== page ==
abendgules: (well dang)
...possibly a refit of my entire torso. Depends on what the mechanic says.

I'm now on about day 6 of a truly grotty cough, with complementary cold and fever. I've not usually had fevers but I can't explain how I, not usually a warm-body person, can be comfortable in our flat with the heat off several days running.

The coughing makes sleeping difficult; every time I change elevation (lying down to sitting up and vv) I cough. But I can't sleep sitting up - I've tried. I don't know how the Victorians did it, and don't know how their spines survived the experience.

Haggis is enjoying having human-on-tap, and is currently assuming the heraldic pose 'cat irritant', that of a cat lying across your arms as you type. But she's not impressed by my coughing either.

Broadly she prefers Robert for laps; he probably sheds more heat, and he sits more still for longer, whereas I tend to be knitting, sewing or doing other handwork that involves shifting occasionally, interrupting feline snoozes.

The cough has scuppered my plan to take part in a demo, my first in years; I'd agreed to attend Redemption a convention in Coventry, to support the proto-incipient shire there, and the lovely folks who were running it, recent participants in SCA fencing.

I'd even worked myself up to looking forward to it, as a fencing practice with a change of scenery to boot, playing with good people, and getting an inside view of a small con up close.

I might be technically not sick by Saturday, but probably not well enough to trek a couple of hours out of town, be 'on' for several hours, and trek home again.

Once again I'm grateful for Time Team; ~2 hours of archeology relieving the tedium of rediculous people shopping for aspirational houses to 'express themselves', and truly awful reality TV, interrupted only by PPI-seekers (hasn't everyone reclaimed by now?) and 'have you been hurt in an accident that wasn't your fault?' ambulance-chasing lawyers.

There's been 2 days of really lovely sun, and I'm sorry to not be able to go running in it at lunchtime.
abendgules: (Haggis)
On our return from holiday, we began to think that there's now a bit more Haggis to love than there was a few months ago.

In part, it's because the street kitties we found in Spain were so slender and trim (with some ranging into the skinny and somewhat careworn). Even mom-cats or mom-to-be cats were not very big, making their bellies swing even more than on a 'normal' cat.

So coming home to our classic stocky cobby tabby made her change all the more evident.

In part, we suspect she's not getting all the exercise she used to in our previous maisonette, which had 2x as many stairs to run up and down.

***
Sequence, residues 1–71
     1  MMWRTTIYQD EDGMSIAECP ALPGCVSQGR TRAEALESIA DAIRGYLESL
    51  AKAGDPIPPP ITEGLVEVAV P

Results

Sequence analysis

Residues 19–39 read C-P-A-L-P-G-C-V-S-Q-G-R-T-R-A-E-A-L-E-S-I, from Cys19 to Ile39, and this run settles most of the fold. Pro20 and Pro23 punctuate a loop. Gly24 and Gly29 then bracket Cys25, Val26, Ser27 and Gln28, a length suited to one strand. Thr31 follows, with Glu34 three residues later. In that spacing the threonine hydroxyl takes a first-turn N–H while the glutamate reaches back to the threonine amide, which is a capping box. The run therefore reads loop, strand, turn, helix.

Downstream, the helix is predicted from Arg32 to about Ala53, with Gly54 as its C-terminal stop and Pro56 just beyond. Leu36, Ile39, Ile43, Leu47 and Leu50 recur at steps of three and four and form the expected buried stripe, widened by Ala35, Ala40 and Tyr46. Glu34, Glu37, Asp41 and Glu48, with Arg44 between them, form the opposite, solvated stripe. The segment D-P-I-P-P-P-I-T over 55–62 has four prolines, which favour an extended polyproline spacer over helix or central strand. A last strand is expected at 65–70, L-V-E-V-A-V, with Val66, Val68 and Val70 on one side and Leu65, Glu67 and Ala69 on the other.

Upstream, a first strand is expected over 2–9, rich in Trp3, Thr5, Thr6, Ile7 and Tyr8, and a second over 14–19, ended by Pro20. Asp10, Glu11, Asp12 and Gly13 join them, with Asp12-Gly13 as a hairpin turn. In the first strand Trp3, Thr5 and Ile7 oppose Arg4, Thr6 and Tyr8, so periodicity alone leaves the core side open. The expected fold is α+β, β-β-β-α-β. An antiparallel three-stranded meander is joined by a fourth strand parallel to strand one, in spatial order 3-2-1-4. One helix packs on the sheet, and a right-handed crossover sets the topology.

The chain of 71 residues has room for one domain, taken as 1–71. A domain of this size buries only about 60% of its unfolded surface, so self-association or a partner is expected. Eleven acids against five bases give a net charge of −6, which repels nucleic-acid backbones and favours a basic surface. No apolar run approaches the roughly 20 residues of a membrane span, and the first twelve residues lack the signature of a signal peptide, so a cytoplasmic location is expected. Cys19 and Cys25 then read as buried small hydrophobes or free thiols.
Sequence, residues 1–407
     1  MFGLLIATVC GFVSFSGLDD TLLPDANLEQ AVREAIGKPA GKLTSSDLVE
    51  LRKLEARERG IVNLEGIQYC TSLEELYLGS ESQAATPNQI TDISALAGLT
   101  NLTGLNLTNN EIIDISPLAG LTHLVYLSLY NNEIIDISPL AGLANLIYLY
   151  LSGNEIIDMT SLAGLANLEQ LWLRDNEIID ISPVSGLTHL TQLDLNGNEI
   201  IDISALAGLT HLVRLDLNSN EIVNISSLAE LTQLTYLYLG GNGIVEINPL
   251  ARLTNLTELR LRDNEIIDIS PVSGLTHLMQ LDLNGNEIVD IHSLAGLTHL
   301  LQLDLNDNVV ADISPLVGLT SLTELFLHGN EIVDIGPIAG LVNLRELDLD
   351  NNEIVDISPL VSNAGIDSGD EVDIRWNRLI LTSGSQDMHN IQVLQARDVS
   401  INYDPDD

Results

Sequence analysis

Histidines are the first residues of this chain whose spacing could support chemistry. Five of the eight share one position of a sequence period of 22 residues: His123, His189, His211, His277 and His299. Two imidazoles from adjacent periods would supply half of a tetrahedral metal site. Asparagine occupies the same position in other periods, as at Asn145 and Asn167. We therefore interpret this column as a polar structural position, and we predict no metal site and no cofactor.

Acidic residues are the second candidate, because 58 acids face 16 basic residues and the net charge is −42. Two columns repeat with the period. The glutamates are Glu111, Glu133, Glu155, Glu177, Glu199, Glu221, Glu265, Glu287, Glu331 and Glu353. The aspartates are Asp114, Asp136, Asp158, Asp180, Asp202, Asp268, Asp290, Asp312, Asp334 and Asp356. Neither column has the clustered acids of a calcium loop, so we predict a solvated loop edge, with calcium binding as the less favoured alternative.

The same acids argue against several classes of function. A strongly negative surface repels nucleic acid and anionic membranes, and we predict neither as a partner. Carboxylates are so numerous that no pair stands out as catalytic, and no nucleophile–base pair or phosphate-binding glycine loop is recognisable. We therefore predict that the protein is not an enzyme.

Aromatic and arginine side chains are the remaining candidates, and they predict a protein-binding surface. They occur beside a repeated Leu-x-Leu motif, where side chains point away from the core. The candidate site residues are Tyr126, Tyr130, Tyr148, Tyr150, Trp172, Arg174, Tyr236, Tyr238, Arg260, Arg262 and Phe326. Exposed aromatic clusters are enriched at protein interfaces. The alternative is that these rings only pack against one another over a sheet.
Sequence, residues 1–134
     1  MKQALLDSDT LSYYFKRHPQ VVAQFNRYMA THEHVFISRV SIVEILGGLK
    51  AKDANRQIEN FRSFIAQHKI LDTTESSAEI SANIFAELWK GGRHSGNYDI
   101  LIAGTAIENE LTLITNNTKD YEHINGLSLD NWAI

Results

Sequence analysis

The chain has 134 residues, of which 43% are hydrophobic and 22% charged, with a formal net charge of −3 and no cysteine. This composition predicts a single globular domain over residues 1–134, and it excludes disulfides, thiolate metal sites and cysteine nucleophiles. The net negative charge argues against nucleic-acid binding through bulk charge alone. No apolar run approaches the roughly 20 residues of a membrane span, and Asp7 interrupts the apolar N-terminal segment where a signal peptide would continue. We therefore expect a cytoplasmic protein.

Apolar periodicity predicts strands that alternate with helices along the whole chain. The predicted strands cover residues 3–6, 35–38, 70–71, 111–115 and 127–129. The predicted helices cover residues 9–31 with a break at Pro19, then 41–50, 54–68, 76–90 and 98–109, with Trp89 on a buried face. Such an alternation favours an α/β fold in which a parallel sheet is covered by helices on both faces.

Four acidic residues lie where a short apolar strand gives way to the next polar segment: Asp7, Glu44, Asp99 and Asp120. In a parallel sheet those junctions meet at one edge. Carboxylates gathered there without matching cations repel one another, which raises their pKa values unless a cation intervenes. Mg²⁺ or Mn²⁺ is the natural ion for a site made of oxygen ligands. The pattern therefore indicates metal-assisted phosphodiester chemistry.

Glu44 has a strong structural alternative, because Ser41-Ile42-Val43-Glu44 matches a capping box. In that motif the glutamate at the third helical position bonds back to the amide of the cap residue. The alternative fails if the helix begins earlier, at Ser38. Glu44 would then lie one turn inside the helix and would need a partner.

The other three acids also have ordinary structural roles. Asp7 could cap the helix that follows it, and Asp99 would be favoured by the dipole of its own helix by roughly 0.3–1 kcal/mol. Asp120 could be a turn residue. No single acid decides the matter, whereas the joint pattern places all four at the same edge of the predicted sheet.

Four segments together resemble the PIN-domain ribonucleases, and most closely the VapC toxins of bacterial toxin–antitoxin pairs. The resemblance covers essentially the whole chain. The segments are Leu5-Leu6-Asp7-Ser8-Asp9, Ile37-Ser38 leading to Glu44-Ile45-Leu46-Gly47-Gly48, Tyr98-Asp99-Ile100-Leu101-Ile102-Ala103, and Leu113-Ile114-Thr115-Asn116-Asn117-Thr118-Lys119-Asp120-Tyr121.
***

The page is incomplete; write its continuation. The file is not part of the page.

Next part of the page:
Any trip outside required stairs, as did the return journey. Any trip from outdoors to food to litterbox to bed needed stairs.

Now she spends most of her time on one level and, since encountering the thuggish local tomcat, not very far from the patio.

We kept the patio door open as late into the year as we could on fine days, which encouraged more Out, but it's no longer feasible.

English flats have neither screen doors nor vestibules. You're either In or Out, and if the door is open in winter, You're Letting in the Draught(tm).

SO: I'm embarking on a feline exercise plan with the entertainment classics of a broken arrow, some butcher cord and a few short pencils (Haggis' favourite toy on hard floors).

One of the neighbours brought in a range of cat toys while we were away, but Haggis does seem to prefer the old standbys: string on a stick, a pencil, OR whatever she can knock off the dining room table.

So far so good: I can distract her into 5 mins of chasing round the flat and up the stairs in the morning, and upon arrival home.
abendgules: (self-portrait)
Impulse buy: a 'roller' to help ease the ilio-tibial band tightness (outside of my leg from hip to knee), and a couple of novelty balls for training fencers. Good result.

Impulse buy: 20m of natural linen with a blue stripe, eBay. Bought without noticing that it's described as having fire-retardant on one side, suitable for upholstery.

So it's only good for...actually upholstering, rather than everything else I could do with 20m of natural linen with a blue stripe. Sigh.

Work continues, fencing continues, next SCA outing is not strictly SCA but the original reenactor's market this weekend - as much social as for shopping. Looks like a good turnout from our shire expected.

Looking forward to a birthday treat: trip to southern Spain later this month.

After several intense months at work I'm looking forward to a break that, unlike SCA, doesn't require me to plan a class, make new clothing, prepare scrolls, or pack an entire trailer's worth of kit for. What a joy.
abendgules: (tea in winter)
Had a short break in Bristol and Bath including [livejournal.com profile] goncalves and J's wedding, and a lazy day in London seeing the Sam Fogg exhibit in the West End.

Started sniffling on Monday night. Am now 2 days into the first cold of the season.

Suppose it could be worse and I could have been sick at the wedding, or in Bath, or all of Monday. That would have been miserable. But I'd rather not be sick at all.
abendgules: (rearview_runner)
I think that's a record.

The tendon-y thing behind my R knee is still sore. Oddly it doesn't hurt when I touch my toes, it's the lunge w/ the sore leg extended behind me that hurts.

So I didn't walk yesterday, to rest it, but tried to stretch on and off all day.